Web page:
Hours after a federal judge ruled against a temporary restraining order to block removal of a Confederate monument from Lee Park, a descendant of the Confederacy had this to say:
“Rather disappointing, being on the losing side,” said Hiram Patterson, a self-described historian who works as an environmental health and safety manager at the Texas A&M College of Dentistry in Dallas.
Patterson had only lent his name to the restraining order filed Sept. 6, the afternoon of Dallas city council’s 13-1 vote to remove the Gen. Robert E. Lee statue, because the chapter needed a Dallas resident to sign it, he said.
The statue was removed Sept. 14.
It has only been in the past couple of years that Patterson got involved with the Texas Division of the Sons of Confederate Veterans. He was admitted after paying for a genealogy service and submitting an ancestor’s application for a Confederate pension check.
Since meeting with the attorney about the temporary restraining order, Patterson said he now sees this as the beginning of a grassroots movement, connected with a broader national struggle to prevent monument removal.
District 13 councilmember Jennifer S. Gates, who represents the Preston Hollow area, supported removal of the Lee statue, citing its installation in 1936 during the Jim Crow era.
The statue “symbolizes discriminatory practices and racism in Dallas’ past, and is currently being used as a symbol for white supremacy and Neo-Nazi groups,” she said.
[pullquote-left]“This country was founded on noble ideals: life, liberty, equal opportunity — but at the same time as land theft from indigenous people.”[/pullquote-left]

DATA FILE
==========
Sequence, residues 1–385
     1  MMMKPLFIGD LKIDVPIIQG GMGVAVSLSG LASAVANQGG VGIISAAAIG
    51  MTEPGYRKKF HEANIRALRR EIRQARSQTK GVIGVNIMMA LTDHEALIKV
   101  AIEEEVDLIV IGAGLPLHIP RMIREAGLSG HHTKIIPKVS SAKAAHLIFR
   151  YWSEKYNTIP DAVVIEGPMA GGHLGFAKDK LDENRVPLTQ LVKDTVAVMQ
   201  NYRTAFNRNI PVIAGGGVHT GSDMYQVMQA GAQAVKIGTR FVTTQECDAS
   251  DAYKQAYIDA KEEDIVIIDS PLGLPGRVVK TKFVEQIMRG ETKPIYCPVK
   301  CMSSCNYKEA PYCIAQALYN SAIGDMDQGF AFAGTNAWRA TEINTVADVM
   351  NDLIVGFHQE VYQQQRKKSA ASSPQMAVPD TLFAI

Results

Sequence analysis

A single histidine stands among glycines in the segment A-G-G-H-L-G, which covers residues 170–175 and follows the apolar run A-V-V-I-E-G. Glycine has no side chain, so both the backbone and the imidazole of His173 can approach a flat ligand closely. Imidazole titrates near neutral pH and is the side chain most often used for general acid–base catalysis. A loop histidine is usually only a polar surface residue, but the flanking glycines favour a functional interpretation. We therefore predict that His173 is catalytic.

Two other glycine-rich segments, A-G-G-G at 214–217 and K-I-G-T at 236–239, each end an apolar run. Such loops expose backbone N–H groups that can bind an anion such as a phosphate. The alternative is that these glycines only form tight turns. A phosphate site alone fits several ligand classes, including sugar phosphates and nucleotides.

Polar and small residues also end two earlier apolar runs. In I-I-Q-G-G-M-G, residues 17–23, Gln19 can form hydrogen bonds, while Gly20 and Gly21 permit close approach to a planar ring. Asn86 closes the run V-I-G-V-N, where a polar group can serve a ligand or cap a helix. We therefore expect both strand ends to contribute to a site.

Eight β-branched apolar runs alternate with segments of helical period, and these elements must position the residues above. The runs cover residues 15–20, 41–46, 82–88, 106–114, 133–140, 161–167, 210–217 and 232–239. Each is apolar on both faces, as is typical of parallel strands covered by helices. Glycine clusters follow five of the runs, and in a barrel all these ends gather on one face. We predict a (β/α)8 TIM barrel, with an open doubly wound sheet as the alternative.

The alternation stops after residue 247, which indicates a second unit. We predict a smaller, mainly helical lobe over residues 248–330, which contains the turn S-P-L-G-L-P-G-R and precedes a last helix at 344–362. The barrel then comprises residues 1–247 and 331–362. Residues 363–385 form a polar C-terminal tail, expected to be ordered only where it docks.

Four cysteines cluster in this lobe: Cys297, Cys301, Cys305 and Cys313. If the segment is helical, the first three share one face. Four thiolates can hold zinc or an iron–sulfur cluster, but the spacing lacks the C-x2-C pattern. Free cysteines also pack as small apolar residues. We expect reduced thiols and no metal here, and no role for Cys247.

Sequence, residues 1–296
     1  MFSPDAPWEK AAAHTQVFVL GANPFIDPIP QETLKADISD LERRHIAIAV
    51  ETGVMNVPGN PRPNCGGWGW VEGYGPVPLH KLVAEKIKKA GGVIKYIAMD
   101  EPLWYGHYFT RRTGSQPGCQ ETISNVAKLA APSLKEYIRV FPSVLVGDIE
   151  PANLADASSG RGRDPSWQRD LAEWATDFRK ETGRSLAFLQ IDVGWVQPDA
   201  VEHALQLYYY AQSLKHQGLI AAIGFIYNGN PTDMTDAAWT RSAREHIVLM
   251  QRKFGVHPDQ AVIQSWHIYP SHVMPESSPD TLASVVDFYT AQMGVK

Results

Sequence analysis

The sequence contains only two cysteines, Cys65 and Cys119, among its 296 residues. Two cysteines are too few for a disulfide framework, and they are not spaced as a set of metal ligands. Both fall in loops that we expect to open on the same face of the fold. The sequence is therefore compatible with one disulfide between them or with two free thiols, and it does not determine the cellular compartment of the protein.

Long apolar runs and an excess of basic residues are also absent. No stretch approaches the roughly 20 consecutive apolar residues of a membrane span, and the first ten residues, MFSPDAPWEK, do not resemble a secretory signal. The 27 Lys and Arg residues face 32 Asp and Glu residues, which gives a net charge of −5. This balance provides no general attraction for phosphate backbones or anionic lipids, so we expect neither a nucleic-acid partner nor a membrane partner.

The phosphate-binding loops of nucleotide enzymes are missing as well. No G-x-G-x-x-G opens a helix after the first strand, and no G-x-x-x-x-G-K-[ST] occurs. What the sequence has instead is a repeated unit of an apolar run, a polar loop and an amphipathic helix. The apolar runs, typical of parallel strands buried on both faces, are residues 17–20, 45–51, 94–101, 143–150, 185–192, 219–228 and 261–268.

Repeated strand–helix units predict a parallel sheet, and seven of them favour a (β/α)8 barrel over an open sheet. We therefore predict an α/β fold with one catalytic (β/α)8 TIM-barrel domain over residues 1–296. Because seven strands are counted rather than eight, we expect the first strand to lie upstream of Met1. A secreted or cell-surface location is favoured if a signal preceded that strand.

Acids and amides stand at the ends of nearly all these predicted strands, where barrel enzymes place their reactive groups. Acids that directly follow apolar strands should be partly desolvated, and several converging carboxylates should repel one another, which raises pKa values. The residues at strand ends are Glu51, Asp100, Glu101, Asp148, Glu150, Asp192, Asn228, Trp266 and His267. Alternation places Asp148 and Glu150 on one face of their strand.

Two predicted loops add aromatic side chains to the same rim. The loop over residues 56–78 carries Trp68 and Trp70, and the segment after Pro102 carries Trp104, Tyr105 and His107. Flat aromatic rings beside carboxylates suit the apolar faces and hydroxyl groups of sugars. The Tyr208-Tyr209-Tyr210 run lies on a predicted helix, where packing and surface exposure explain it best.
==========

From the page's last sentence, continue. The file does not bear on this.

“I can’t see how a monument of a soldier riding a horse is propaganda,” Patterson said.
Six miles north of the college where Patterson works, Carrie Stewart serves as a lay-leader at First Unitarian Church of Dallas, on the southern cusp of University Park.
“These folks are confused,” Stewart claimed. “This country was founded on noble ideals: life, liberty, equal opportunity — but at the same time as land theft from indigenous people.” She said this provided fertile ground for a white supremacist culture that became taboo to openly discuss since the 1960s.
“This paradox has never been recognized,” Stewart said.
Stewart is also a main organizer for the Dallas chapter of Showing Up for Racial Justice, a national organization which Stewart said works to “gather white folks for anti-racism.”
SURJ became officially endorsed by First Unitarian more than a year ago and has since organized its members to go to rallies supporting Confederate monuments’ removal and to attend lectures on Dallas history at the church.
“If you’re not aware of the history, and people come up asking for their rights, it feels to folks like you’re taking rights away from them,” she said.
On Aug. 20, SURJ invited its first guest, professor Michael Phillips, author of White Metropolis: Race, Ethnicity, and Religion in Dallas, 1841-2001 and professor at the Center of Working Class Studies at Collin College.
“One would scarcely know that the Confederacy comprised just four years of the city’s history, that there was considerable opposition to secession in East Texas, and that no decisive Civil War battles unfolded in Texas,” Phillips wrote last year in a piece titled “The Elite Roots of Richard Spencer’s Racism.”